Read More

5 ways to turn down the Facebook noise.

5 ways to turn down the Facebook noise.

A constant refrain comes from users of Facebook: too much crap in my feed, too much noise on Facebook. Here are five things you can do to turn down the Facebook noise. 1. Turn off notifications. If you have them turned on, turn them off, and/or change what you get notified about. If you have them on, turn off the notification sound. That’s one less distraction. 2. Remove yourself from conversations. If you want to keep notifications on, but you get involved in a conversation you wish you hadn’t, you can turn it off. 3. Unfollow the person or page. This is the best, least-noticeable way to turn off someone who annoys you but you’d rather not unfriend. Like that nutty cousin from Michigan you never see. Or the person you do business with but can’t abide personally. 4. Unfriend the person or unlike the page. This is bridge-burning on the personal side. The person you unfriend won’t know it until they go looking, then they will probably be offended. On the business page side, they expect it (or should). 5. Block the person. If you get a troll, someone who hijacks your feed, won’t shut the hell up, or basically stalks you, block them. If they are seriously violating the terms of Facebook usage, you can report them. (Just not liking someone or violently disagreeing with their opinions isn’t reason to do that.) We’ve written before about how paring down your friend list substantially could make your Facebook news feed more relevant, because it will give Facebook less to find irrelevant on your behalf. If you haven’t interacted with someone in a long time, and you unfollow them and they never interact with you, will they miss you if you unfriend them? Proceed with caution. If you don’t want to do any of the above options, get used to all the wacky, weird, wonderful, wonder-why-they-don’t-have-a-life posts and comments from “friends” and friends of friends. Ultimately, social media is just that: social. If you go out in public in the real world, people are going to bore you, annoy you, entertain and delight you. Online, you can control what you encounter. If this post was helpful, you can subscribe at the top of the page; please share with a colleague. Contact Me | Facebook | Twitter @LucidKim | LinkedIn  | Google+     this post Lucid Marketing can help you make your marketing the best it can be. Call us today at 615.829.0772 or click here to send an email. Copyright Notice: The contents of this site are copyrighted by Lucid Marketing, all rights reserved. Republication by permission only, with a link back and the source of the republication clearly noted. Excerpts, commentary, and fair use applications should be accompanied by a link...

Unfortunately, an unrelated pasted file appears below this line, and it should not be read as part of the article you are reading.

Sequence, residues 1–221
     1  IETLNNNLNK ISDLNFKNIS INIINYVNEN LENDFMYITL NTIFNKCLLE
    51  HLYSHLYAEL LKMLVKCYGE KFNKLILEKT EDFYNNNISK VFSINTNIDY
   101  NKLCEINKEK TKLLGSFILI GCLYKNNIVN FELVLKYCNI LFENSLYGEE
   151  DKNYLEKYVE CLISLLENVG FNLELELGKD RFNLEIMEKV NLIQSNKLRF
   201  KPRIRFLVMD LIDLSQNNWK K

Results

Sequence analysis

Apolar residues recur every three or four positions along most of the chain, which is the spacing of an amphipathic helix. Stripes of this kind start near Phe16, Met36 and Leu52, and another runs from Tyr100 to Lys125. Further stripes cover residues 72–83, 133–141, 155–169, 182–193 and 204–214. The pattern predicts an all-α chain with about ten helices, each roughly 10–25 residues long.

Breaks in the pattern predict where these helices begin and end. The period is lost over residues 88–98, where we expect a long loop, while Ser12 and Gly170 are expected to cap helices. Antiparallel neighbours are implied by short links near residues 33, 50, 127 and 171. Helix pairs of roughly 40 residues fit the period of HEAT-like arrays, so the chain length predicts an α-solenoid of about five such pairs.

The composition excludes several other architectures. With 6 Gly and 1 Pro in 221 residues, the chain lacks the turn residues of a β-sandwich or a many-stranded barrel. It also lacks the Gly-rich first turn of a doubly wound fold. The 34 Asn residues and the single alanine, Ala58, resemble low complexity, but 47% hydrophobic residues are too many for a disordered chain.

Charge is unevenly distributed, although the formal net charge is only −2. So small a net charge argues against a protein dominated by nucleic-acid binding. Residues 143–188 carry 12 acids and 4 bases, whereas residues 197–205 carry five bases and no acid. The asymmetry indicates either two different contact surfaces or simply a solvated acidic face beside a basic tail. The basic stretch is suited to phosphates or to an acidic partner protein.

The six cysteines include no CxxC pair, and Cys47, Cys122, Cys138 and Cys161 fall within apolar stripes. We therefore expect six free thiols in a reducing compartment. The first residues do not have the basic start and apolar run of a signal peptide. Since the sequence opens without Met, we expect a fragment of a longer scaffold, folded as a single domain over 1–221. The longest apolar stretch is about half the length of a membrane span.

Read More

6 things you can do about negative online reviews.

6 things you can do about negative online reviews.

Editor’s Note: Updated Aside from Yelp, TripAdvisor, and other online review sites, there are a myriad of other places online where your customers can leave reviews about you. Most the directory sites have a “social” function, and YouTube comments are wild and potentially viral. But the biggest, most public forum of all is Facebook. In fact, Facebook formalized the tendency for people to leave comments about companies when it added the star rating system. If a business page has an address listed, the star rating is automatic and can’t be turned off. Why do people feel the need to leave negative online reviews on Facebook? It’s not just that Facebook has the most users of any social network. It’s also that they often have no other choice. Customer service and tech support at companies has become so terrible that people turn to Facebook out of sheer frustration. And it often works. As one respondent to research by NewVoiceMedia said, “The risk of getting other people’s attention will cause the service providers to act quickly.” What can you do about negative online reviews for your company? 1. Don’t give them so much to complain about. This seems obvious but a surprising number of companies miss it. 2. Give options. If a customer needs help or is angry, it’s better to keep it offline with a customer service phone line, online chat, or email system that responds quickly. Don’t make them run to Facebook to describe the problem publicly. 3. Be there. If your customers are resorting to Facebook to complain or to get help, monitor the page hourly and respond with more than boilerplate. Not being there won’t keep them from talking about you, it’s just that you won’t know it. 4. Use the complaints to learn. What are people saying? If it’s usually the same thing, you have an opportunity to fix it. Complainers do you a favor. 5. If you can’t improve it, get out. Some Facebook pages contain nothing but angry rants ~ check the pages of some of the phone, cable, and computer companies and some large banks ~ unanswered, and unresolved. Those pages don’t do anything to help those companies. 6. Don’t sanitize your page. It becomes obvious quickly when a business moderates comments on its Facebook page, which results in a loss of credibility and only makes the annoyed visitor angrier. If people are leaving negative online reviews about your company, how will you turn it around? If this post was helpful, you can subscribe at the top of the page; please share with a colleague. Contact Me | Facebook | Twitter @LucidKim | LinkedIn  | Google+   Lucid Marketing can make your marketing the best it can be. Call us today at 615.829.0772 or click here to send an email....